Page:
The Odyssey: Is Odysseus Really a Hero?

The Odyssey: Is Odysseus Really a Hero?Odysseus can be

portrayed as an antihero in The Odyssey. A hero is smart, considerate, brave, and shows mercy. Odysseus is the total opposite of a hero. He is immature, barbaric, unfaithful, and a coward. Being faithful, or faithful, is one of the primary aspects of being a hero. Reserve V reveals us that Odysseus might not have been so faithful to Penelope: “Now as he spoke the sun set, dusk made use of/ and they retired, this set, to the inner cavern/ to revel and rest gently, side by side” (5. 234-236) This quote describes Odysseus with Kalypso, before he left her cavern to go back to Ithaka. Resting gently, side by side” might indicate more than what Homer is offering us. Odysseus is also really immature and childish. After tricking the Kyklops, Polyphemos, his guys run for the ships. Odysseus is so proud of himself; he dares to scream back at the Kyklops: “Kyklops/ if ever mortal male ask/ how you were put to pity and blinded, inform him/ Odysseus, raider of cities, took your eye:/ Laertes’ son, whose home’s on Ithaka! “(9. 548-552) His rant made the Kyklops mad and he prayed to his dad, Poseidon, to eliminate Odysseus. Poseidon then destroyed Odysseus’ ship, eliminating everyone on board but him.

His immature habits cost him his crew and his time. Odysseus is likewise a coward. Rather of fighting Polyphemos, he escaped to his ship. He ought to have battled the beast and showed his guys how brave he was, but he ran: “The blind thing in his doubled fury broke/ a hilltop in his hands and heaved it after us./ Ahead of our black prow it struck and sank/ whelmed in a spuming geyser, a huge wave/ that cleaned the ship stern primary back to shore./ I got the longest boathook out and stood/ fending us off, with furious nods to all to put their backs into a racing stroke-/ row, row, or die.

So the long oars bent/ kicking the foam sternward, making head/ till we drew away, and twice as far. “(9. 524-534) Odysseus and his males could have killed that one Kyklops. Rather, the afraid leader led his men away. Another antihero characteristic is revealing no mercy. Odysseus reveals this characteristic two times. The first time is with an unfortunate suitor who attempts to leave being killed: “‘Grace,/ mercy on a suppliant, Odysseus!/ Never by word or act of mine, I swear./ was any female bothered here. I informed them the rest/ to put an end to it. They would not listen,/ would not keep their hands from brutishness,/ and now they are all passing away like pets for it. I had no part in what they did: my part/ was visionary– reading the smoke of sacrifice./ Scruples go unrewarded if I pass away. ‘/ The wise fighter frowned over him and stated:/ ‘You were diviner to this crowd? How often/ you must have prayed my sweet day of return/ would never come, or not for many years!– and hoped/ to have my dear partner, and beget children on her./ No plea like yours might conserve you/ from this difficult bed of death. Death it will be! ‘/ He got Agelaos’ broadsword/ from where it lay, flung by the killed male,/ and offered Leodes’ neck a lopping blow/ so that his head decreased to mouth the dust. (22. 350-370) Another example of Odysseus showing no mercy is when he makes the maids, who slept with the suitors, clean up the dead bodies and wash the furnishings. Then they were to be performed: “As he spoke/ here came the ladies in a lot, all wailing,/ soft tears on their cheeks. They fell to work/ to carry the corpses out into the courtyard/ under the gateway, propping one/ against another as Odysseus bought,/ for he himself dominated them. In fear/ these woman bore the cold weight of the dead./ The next thing was to scrub off chairs and tables/ and rinse them down.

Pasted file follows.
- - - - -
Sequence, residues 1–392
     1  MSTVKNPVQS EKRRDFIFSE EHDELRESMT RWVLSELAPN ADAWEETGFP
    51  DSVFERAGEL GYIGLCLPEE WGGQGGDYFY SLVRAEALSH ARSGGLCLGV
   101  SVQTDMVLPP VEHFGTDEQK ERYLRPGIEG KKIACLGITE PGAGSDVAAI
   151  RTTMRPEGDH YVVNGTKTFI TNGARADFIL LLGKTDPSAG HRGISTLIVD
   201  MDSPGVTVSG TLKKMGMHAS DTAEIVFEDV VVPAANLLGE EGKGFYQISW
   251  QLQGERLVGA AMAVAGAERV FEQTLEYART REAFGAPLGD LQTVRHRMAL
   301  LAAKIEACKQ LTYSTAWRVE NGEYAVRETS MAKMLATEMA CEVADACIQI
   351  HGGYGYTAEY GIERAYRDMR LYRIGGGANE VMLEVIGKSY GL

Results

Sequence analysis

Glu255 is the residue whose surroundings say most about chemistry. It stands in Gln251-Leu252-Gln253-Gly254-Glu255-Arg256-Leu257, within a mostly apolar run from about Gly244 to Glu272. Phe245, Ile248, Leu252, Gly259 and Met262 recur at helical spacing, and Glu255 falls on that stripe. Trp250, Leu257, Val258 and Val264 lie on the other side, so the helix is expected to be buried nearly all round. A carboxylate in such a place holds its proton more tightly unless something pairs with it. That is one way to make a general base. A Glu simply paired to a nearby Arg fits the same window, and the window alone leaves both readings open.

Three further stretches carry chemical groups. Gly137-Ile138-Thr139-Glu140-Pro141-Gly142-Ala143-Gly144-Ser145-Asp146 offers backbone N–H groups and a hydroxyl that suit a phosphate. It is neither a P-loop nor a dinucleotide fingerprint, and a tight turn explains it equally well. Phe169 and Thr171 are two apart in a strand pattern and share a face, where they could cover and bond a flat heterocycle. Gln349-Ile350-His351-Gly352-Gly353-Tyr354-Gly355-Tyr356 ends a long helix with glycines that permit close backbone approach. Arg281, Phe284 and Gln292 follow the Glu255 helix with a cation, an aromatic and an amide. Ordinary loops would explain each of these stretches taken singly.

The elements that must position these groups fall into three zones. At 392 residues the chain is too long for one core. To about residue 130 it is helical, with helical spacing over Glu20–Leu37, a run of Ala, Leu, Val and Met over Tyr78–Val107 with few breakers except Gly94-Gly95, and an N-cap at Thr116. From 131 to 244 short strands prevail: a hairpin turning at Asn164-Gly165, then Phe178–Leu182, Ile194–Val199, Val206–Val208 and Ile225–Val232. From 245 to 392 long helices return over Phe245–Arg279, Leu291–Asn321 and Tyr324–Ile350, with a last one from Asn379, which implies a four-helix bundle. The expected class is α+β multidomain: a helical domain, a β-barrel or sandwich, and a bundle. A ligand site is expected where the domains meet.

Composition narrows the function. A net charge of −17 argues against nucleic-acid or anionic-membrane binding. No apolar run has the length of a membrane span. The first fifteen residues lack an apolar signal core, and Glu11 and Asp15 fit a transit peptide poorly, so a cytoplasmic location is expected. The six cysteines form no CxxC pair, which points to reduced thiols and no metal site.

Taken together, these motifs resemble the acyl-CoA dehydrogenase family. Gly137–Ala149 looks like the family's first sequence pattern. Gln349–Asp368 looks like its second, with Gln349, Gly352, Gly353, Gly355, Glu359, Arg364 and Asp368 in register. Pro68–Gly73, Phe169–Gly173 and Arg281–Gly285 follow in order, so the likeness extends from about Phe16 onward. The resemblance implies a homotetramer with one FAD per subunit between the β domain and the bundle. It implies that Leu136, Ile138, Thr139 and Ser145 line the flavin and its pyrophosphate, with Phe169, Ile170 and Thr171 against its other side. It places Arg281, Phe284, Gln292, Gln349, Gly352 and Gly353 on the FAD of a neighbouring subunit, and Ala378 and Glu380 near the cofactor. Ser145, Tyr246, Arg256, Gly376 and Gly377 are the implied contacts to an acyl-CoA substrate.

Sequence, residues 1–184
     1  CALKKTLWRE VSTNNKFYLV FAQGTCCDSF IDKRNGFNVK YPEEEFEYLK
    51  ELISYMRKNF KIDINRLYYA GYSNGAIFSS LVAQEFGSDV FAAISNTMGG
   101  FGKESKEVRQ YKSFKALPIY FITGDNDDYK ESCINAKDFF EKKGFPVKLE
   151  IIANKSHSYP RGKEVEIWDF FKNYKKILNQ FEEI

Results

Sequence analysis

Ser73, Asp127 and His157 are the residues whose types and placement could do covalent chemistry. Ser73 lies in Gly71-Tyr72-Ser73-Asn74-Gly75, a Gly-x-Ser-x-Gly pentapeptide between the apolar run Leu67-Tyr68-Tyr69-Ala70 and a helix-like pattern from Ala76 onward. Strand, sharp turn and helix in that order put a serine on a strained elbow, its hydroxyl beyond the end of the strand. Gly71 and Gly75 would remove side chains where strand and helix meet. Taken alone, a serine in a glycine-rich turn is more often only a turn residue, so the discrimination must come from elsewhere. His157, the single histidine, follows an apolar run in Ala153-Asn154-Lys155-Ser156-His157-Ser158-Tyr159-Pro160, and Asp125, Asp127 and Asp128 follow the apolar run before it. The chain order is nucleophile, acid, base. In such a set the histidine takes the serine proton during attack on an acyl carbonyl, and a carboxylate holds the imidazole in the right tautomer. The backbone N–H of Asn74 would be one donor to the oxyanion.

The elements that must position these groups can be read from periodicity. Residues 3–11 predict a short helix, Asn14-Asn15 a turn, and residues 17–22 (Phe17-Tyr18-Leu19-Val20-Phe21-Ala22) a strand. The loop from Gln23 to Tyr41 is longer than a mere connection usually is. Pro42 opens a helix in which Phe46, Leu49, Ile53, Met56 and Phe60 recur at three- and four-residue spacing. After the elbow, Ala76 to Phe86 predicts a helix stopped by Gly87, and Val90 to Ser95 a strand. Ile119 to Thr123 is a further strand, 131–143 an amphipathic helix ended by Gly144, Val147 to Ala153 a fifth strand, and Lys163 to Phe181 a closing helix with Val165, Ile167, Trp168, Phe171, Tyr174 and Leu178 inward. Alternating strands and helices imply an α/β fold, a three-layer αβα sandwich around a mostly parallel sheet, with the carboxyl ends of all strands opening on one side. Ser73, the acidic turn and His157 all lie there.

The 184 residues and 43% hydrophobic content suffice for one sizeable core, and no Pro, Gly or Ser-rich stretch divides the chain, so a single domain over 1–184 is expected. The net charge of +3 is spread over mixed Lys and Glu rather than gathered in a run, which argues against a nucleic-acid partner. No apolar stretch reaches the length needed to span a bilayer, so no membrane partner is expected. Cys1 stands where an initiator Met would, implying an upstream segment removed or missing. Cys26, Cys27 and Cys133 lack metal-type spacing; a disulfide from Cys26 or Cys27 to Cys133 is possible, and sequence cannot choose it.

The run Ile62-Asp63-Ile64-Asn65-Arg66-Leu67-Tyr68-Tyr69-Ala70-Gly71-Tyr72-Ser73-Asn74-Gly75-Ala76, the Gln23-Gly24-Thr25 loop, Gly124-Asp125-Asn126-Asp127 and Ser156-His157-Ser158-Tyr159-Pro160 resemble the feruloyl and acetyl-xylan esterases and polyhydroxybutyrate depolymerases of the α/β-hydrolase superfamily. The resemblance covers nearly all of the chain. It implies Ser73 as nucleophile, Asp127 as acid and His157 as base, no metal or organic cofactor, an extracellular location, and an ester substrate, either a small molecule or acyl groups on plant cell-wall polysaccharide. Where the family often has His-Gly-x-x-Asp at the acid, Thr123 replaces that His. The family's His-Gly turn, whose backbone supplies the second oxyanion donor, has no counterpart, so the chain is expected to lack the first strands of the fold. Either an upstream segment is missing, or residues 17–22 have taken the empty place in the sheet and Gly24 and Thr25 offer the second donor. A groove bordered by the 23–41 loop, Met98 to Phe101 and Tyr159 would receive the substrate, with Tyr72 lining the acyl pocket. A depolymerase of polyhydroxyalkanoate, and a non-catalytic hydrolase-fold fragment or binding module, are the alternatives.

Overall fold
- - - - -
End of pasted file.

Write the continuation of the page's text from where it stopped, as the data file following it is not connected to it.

Pertinent Subjects Readers Also Select

  • Odyssey Loyalty

Telemakhos and the rancher/ scraped the packed earth floor with hoes, but made/ the woman carry out all blood and mire./ When the excellent space was cleaned up as soon as again,/ at swordpoint they forced them out, in between/ the roundhouse and the palisade, pell-mell/ to huddle in that dead end without exit./ Telemakhos, who knew his mind, said curtly:/ ‘I would not offer the tidy death of a monster/ to trulls who made a mockery of my mom/ and of me too– you sluts, who lay with suitors. ‘/ He tied one end of a hawser to a pillar/ and passed the other about the roundhouse top,/ taking the slack up, so that no one’s toes/ might touch the ground.

They would be hung like doves/ or larks in springes set off in a thicket,/ where the birds think to rest– a harsh nesting./ So now in turn each females thrust her head/ into a noose and swung, yanked high in air,/ to die there most piteously./ Their feet danced for a little, but shortly”(22. 497-526) Through these examples, Odysseus is clearly an antihero. He might have some heroic traits, but many are antihero. His immaturity, cowardliness, extramarital relations, and showing no grace proves that he is, in fact, an antihero.

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